Vernon Katz, in turn, quoting from conversations with Maharishi Mahesh Yogi, explains that: ‘the Vedanta view [is] that the world is just a superimposition upon the reality of Brahman and that, in truth, all this is Brahman’. The implication here is that there is but one reality–relative creation, the outwardly known world, is amenable to experience ‘out of’ or within The Absolute, the Unmanifest, inwardly known world that is more than the created order.139 Maharishi Mahesh Yogi140 refers to the linked study as the Science of Creative Intelligence, O’ Murchu refers to an apparently related area of study in terms of Quantum Theology.141 The Vedic and the Christian perspectives offer alternative but compatible descriptions of existence. These indicate the growing recognition that there are ways of understanding Eternal Being, the ground of Existence, which may enable theists and nontheists to find some agreement.

Quakers are in a unique position to facilitate dialogue of this kind as a result of the creedless nature of their religion. Open minded, creative explorations of understanding, 138 See O’ Murchu, D Quantum Theology and Polkinghorne, J. An Unexpected Kinship each consider the relationship between theology and Science. O’ Murchu uses the relational approach to build insights that reveal new and extensive ways of discussing theological concerns. Polkinghorne, however, engages in an intensive investigation of the different means of truth-seeking undertaken by science and theology. He concludes that there are many similarities, and methodological comparisons. He writes: ‘Our discussion of the truth-seeking strategies employed in science and theology has revealed significant underlying similarities between these two superficially different forms of rational enquiry’. p. 105.

Furthermore, Polkinghorne suggests, referring to Galileo and Newton, that the ‘two books, the Book of Scripture and the Book of Nature’ having the same Author, may provide two ways of knowing the same reality. See also Melvin Keiser ‘Answering That of God: Authority and Tradition in doing Quaker Theology’ pp 18-46 in QTS Proceedings 1996/7.

pp. 112-116.

139 Katz, V., Conversations with Maharishi (Fairfield, Iowa: MUM Press, 2011), 140 Maharishi Mahesh Yogi was the founder of Maharishi University of Management in Iowa, USA and initiator of twenty first century Vedic Studies, with its related practice of Transcendental Meditation.

He encouraged millions of people around the world to engage in the interior journey of contemplative practice. His work continues both in academic studies of consciousness and in courses that teach the practice of Transcendental Meditation. I am indebted to the late Maharishi Mahesh Yogi for the ideas developed in Table 6, chapter 6, with amendments as necessary for discussion in terms of the potential for spiritual development through Quaker worship and spiritual growth in Quaker living.

141 See O’ Murchu, D. Quantum Theology.

190 based firmly in experiential practice, should enable Friends to meet the present challenge as well as, and better than, most other religious groups. The rigid understanding of theism, as O’ Murchu indicates, is open to re-thinking that may accommodate a valid review of seemingly conflicting positions, and provide a notion of ‘God for the modern

world’.142 ‘O’ Murchu maintains:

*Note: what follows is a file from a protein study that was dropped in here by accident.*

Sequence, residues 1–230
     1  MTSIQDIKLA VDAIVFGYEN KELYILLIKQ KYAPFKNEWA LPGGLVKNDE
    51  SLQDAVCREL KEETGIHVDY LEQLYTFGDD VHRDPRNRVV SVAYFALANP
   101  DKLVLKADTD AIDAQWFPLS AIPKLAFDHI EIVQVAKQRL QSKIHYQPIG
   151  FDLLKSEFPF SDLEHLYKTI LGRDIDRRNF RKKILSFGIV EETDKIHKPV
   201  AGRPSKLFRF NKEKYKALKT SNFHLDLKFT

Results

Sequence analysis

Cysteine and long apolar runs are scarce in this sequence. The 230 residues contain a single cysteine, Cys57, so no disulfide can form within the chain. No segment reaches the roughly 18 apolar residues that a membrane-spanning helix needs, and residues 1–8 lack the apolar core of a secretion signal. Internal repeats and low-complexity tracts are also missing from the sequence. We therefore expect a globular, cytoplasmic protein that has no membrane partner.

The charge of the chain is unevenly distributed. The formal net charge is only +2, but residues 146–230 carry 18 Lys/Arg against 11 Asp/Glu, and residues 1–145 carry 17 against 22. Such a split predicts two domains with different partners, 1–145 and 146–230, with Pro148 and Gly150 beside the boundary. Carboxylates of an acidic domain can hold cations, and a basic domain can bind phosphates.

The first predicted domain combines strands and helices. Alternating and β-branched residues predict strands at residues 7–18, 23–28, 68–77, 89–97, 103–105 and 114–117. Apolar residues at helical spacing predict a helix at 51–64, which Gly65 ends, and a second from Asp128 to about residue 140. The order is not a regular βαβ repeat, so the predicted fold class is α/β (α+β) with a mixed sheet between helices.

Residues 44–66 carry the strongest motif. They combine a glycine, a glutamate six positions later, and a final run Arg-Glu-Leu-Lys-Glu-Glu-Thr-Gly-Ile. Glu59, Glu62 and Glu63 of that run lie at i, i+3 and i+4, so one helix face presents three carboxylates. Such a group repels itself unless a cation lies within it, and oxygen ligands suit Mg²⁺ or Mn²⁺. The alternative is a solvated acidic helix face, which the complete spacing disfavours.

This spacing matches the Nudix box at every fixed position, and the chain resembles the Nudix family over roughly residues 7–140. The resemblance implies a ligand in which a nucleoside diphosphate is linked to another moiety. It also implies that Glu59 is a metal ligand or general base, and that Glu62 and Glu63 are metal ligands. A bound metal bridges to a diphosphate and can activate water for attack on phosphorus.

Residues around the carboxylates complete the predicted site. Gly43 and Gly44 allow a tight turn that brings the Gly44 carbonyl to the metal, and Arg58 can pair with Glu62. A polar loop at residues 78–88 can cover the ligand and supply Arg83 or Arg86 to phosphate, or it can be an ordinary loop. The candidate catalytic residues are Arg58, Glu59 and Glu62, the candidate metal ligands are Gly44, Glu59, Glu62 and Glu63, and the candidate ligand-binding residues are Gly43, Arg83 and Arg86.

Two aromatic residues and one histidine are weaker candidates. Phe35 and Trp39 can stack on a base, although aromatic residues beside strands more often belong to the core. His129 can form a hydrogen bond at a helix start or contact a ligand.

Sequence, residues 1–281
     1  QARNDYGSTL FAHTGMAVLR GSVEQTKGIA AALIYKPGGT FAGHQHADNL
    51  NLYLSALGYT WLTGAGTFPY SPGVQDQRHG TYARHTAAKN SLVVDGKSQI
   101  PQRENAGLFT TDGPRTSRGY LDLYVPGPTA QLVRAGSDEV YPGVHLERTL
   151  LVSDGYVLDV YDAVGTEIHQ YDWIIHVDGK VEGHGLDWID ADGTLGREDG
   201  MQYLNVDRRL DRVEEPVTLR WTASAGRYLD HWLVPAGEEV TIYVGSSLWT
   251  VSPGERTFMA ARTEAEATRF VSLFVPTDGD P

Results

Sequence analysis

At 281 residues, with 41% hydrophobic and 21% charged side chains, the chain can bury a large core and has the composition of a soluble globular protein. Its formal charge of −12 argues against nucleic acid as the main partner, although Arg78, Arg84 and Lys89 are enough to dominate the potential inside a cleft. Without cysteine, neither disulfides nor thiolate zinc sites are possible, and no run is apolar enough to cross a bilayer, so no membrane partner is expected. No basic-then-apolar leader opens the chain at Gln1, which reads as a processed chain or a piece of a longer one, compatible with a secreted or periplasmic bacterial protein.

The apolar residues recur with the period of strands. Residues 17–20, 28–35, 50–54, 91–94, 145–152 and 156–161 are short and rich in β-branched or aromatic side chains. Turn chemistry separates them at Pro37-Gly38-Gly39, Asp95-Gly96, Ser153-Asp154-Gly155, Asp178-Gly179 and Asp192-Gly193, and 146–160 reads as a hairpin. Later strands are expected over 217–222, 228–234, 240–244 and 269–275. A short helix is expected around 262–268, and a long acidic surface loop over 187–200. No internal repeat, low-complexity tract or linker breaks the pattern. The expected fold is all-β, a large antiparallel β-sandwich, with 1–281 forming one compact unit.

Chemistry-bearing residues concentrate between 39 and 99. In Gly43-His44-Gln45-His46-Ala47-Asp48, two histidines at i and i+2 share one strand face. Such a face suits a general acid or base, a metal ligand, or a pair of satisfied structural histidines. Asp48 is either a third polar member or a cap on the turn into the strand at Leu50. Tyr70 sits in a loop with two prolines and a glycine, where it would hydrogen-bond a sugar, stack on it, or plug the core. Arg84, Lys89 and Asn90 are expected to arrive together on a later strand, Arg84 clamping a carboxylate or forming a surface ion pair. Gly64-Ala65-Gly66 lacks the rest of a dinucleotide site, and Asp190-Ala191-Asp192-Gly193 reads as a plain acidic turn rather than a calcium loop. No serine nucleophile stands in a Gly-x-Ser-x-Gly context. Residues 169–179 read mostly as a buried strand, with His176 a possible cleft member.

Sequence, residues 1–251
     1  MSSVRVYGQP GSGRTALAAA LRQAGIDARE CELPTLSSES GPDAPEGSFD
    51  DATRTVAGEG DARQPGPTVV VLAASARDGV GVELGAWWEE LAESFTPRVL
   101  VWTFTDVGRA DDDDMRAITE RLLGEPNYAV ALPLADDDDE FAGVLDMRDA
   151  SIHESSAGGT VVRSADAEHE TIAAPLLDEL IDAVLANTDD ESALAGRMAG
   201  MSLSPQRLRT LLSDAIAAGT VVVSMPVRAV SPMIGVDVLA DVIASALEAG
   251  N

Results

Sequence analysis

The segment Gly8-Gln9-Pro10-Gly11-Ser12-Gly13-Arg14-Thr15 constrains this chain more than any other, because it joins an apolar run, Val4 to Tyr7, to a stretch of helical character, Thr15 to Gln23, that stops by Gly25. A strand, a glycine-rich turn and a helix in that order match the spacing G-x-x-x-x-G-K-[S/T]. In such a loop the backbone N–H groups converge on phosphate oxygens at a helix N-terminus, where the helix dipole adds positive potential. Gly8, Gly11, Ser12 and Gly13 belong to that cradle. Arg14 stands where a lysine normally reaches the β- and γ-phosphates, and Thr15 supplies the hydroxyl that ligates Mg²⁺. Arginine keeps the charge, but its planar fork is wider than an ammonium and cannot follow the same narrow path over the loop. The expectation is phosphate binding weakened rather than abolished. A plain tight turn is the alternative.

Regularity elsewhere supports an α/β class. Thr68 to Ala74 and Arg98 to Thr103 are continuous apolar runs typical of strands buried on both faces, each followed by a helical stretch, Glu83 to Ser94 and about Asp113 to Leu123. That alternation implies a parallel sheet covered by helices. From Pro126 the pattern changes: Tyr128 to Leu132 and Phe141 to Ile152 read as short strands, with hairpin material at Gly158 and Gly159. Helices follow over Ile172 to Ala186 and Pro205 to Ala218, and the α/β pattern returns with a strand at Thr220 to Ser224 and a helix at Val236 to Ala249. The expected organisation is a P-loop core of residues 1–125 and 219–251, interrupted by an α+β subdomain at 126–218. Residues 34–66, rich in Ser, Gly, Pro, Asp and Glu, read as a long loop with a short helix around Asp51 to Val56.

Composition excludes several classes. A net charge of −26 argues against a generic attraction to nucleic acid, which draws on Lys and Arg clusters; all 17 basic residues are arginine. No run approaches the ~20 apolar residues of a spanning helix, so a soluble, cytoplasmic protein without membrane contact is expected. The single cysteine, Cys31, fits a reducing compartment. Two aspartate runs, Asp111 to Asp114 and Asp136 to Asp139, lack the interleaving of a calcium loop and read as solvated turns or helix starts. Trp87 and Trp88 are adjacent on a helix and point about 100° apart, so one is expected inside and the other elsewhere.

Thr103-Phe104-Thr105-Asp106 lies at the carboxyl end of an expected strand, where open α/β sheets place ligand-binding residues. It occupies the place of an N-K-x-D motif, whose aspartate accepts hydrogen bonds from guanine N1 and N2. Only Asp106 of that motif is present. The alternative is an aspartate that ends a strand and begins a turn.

In today’s world, we often confuse religion and spirituality, giving the impression that one can be spiritual only by adopting and practicing a formal, official faith system. Around our world, however, are millions of people who do not belong to any specific church or religion, but still grapple with spiritual questions and strive to live out of a spiritual value system. This fact, combined with the diminishing influence and impact of formal religions–especially in the Western world–would seem to indicate that the religions are in decline, while the revitalization and rediscovery of spirituality engages the human heart and imagination in a range of new and exciting ways.143 It is the suggestion of this thesis that the ‘challenge’ that non-theism has seemed to present to Friends will become less of a concern and more a matter of exciting and fruitful comprehension and redefinition of terms in the near future. As Jung has intimated, ‘Sooner or later, nuclear physics and the psychology of the unconscious will draw closer together, as both of them independently of one another and from opposite directions, push forward into transcendental territory’. 144 It is the transposition of insights from different sources and the creative re-interpretation of existing understanding that may have the potential to push forward these boundaries of knowledge.

5.7 Conclusion

This chapter has indicated how Quakerism has developed in the twentieth and twentyfirst centuries, advancing altered concerns and emphases in line with the modern era.

Understandings of Inwardness have gained new interpretations and been subjected to academic considerations that reveal searching questions and tentative answers. These exist alongside the continuing power of mystical, experiential expressions, which fathom

–  –  –

The two sections, above, on discursive records v mystical description, demonstrate differences of priority, each characteristic of Quakerism in the modern period. The first, largely intellectual, provides examples, urged by J W Rowntree at the Manchester Conference of 1895 and developed, most notably within academic research into Quaker issues and concerns. The second, largely experiential and, in some cases, devotional, gives examples, which feature spiritual practice and its outcomes within the many witness statements of Friends. In the first case, academic expression is about Inwardness and its attendant issues; in the second case, experiential expression, deriving from Inwardness, is rather a description of personal acquaintance. The difference in these two modes of expression is that one seeks to clarify and systematise understanding, whereas the other seeks to embrace and share experience. These different descriptions of Inwardness are complementary rather than contradictory.

Consideration of the non-theist incursion into Quakerism has questioned the nature of the challenge presented. It has outlined a new perspective on radical spiritual humanism that may challenge the perceived difficulties and reveal some consistency between two previously irreconcilable positions. Notions of Quantum theology have provided a range of insights into new ways of addressing relevant questions, and shown that there is the possibility of fresh thinking that offers tentative answers, (O’ Murchu145). Quotations from modern day Friends, and the current edition of QFP, and also from the Quaker essay competition of 2010, have provided recognition that the Conditions and Elements outlined in previous tables remain consistent within contemporary Quaker thinking. These are identified below in Table 5a. Additionally, however, the turn of the century embraces a changing and perhaps developing view of Testimony. It is now commonplace to see reference as ‘relating our testimonies to the realities of [the period]...’146 As Jonathan Dale indicates: ‘My understanding is that the core of the testimony is to do with the 145 See also Polkinghorne, Quantum Physics.

146 Dale, J. et al. Faith in Action: Quaker Social Testimony, p. 6.